We’ll start with the biggie. You’ll find just a taste here with a link to a huge Google Doc. Huge.

The 100 Best Web 2.0 Classroom Tools Chosen by You
Narrowed down from 900 teacher submissions, these are the best tools used by actual teachers.

The 200 Best Special Ed Apps
Eric Sailers has been working on this list since before the iPad came out. I’m talking the iPad 1. So you know it’s got some stuff.

The 100 Top Tools of 2011
What is a “learning tool”? Any tool you use to create or deliver learning content/solutions for others or that you use for your own personal learning.

Top 100 Sites of 2011
Tech & Learning’s version of the best sites.

Psst . . . it’s not really 1500.

You’re gonna find a lot of overlap between the different lists. But trust me, you’ll still need to set aside some time here. And don’t be afraid to share your own favorites in the comments.

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Tip of the Week – Six Great Ways to Publish Student Work

We know that the world is moving online and that to prepare our kids for that world, we need to train them to use that world’s tools.

We know that publishing student work beyond the classroom encourages authentically engaged kids who create high-quality work.

We know that integration of writing and visuals increases cognitive activity.

Yeah. So?

So we need to be publishing more student work online. But where and how?

Publishing student projects online in visually stimulating formats is now easier than ever. There are tons of tools available that you and your kids can use to get stuff out there.

The following web 2.0 tools are some of my favorites for showcasing student projects. The list includes two different kinds of sites. The first type requires that kids create work using a desktop tool such as Word, Keynote or Pages and then the site converts that work into online content. The second lets kids doing the actual creating online.

Here ya go:

A free site with Premium features, Flipsnack will quickly convert uploaded PDF documents into a cool virtual magazine with flipping pages and it’s easy enough for even adults to figure out. You can view and share the online version in a variety of ways including Facebook, Twitter and html embed codes.

Issuu is another tool that kids can use to upload almost any document format and create a virtual flipping book. Like Flipsnack, you can share or embed whatever you upload.

Mixbook features some sophisticated editing tools perfect for middle or high school students. The site has handy templates and images to ensure a professional-looking book. Mixbook also offers accounts designed just for teachers.

I like Tikatok because it’s focused specifically at younger kids and that it’s designed for easy, online  story creation. Students can start with prompts or a completely blank book. Text, images and imagination are added and they end up with a digital book that can be viewed online or ordered in a traditional hard copy.

This site has it all. You can upload a document and convert it into an e-book or create the book right on the site. What makes this site different is that the final product is in ePUB file format. ePUBs are the universal ebook format that can be read by the Apple iOS iBooks app and other kinds of ebook readers.

Combine Epubbud and Mixbook and you get Lulu. You can upload student work and convert to ePUB format like Epubbud or use the online book tools that are very similar to Mixbook. Kids just have to add images and text to tell their story.

Need a couple of bonus sites?

Miss Literati
This site is not really a place to publish work in the traditional sense. It’s a social network of student authors. Create and post your story, poem or non-fiction and let others read, rate and critique your work.

How to Self-Publish an E-Book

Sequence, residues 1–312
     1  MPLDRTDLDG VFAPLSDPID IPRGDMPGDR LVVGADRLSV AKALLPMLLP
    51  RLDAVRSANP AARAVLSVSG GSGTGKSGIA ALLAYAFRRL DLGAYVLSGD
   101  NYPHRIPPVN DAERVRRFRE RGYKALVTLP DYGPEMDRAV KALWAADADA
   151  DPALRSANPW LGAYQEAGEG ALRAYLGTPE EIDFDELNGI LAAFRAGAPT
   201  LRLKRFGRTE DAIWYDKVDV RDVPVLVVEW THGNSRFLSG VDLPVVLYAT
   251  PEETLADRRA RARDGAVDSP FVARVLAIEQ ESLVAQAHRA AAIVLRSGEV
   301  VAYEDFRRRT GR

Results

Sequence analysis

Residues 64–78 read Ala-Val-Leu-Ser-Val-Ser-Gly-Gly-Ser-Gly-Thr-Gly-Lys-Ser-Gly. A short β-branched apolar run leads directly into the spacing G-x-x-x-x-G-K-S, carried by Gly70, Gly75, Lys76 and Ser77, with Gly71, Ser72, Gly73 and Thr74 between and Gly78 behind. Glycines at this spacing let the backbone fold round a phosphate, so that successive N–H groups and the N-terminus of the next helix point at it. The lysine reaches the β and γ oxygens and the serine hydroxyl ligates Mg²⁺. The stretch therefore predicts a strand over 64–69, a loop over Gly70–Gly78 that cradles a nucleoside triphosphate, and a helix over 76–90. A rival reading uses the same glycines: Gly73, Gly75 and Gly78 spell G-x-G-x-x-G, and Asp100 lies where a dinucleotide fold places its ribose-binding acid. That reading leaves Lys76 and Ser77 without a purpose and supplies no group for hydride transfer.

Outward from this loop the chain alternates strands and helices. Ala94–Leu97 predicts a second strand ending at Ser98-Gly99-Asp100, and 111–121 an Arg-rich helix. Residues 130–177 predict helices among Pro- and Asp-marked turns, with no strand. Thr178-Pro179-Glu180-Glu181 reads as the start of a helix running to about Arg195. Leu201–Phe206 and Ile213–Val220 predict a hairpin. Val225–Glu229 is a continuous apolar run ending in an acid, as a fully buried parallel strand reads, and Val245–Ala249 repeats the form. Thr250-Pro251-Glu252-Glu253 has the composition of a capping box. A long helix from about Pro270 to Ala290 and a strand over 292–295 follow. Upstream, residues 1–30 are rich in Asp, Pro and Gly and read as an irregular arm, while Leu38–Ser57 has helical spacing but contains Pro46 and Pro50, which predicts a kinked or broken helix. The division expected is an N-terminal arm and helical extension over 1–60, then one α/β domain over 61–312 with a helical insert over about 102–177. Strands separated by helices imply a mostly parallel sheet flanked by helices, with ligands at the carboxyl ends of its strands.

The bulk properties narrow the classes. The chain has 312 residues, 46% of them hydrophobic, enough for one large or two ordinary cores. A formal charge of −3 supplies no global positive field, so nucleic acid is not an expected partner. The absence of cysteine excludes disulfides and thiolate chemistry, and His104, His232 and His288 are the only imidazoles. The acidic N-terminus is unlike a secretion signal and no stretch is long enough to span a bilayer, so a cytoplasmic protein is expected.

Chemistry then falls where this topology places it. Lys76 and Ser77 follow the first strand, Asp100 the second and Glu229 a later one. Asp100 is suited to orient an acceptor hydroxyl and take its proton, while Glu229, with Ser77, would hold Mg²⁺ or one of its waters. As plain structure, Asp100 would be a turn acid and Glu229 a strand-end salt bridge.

David Carnoy from CNET gives some great advice about writing and formatting digital books and provides more resources for how to get your work on Amazon and iBooks.

Have fun!

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100 top sites for teachers

I’m still recovering from the 2011 turkey, dressing, mashed potatoes, deviled eggs, green bean casserole, pie and football four-day spectacular. Woozy. Just a little woozy.

So . . . while I recover, head over to Technology Tidbits for an awesome list of online tools and sites compiled by David Kapuler. One hundred sweet goodies just for teachers.

I can’t promise anything but check back tomorrow. Should be back to normal.

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URList makes sharing links a snap

Sometimes you just want to share a quick list of links. Maybe with your kids. Maybe with your parents. Maybe with other teachers. You don’t have time to send the list to your tech person to upload. You don’t want to edit your own site. You just want people to have access to a list of great sites and you want to make it happen now.

URList is designed to do that.

URList is not a site like Delicious or Diigo that bookmarks the sites you find. Instead, use URList to quickly and easily create lists of sites that you want to share with others. Each of your lists has a specific URL, making it great for sharing.

Use it with younger students who often have trouble typing long web addresses.Use it with parents to update them on student work or school/district sites or reading lists. Use it with older kids to let them know what they need to review as outside reading or for a list of primary sources documents.

To get an idea of how this works, view a sample URList highlighting Civil War Lesson Plan sites.

I like the fact that you can create lists with or without an account. But once you have your account set up and are logged in, you have access to the Dashboard. The Dashboard allows you to view old lists, use the handy bookmarklet tool and create shared lists.

This is the piece of URList that I think is really interesting – allowing others to add to your lists. This ability makes URList into a very useful tool for teams. Students could use it to create a collaborative live list of links for reference, research and discussion. Use it with other social studies teachers to create a shared list of helpful sites such as primary sources or history sites. You can add to and edit lists over time.

It’s free, fast and practical. What’s not to like?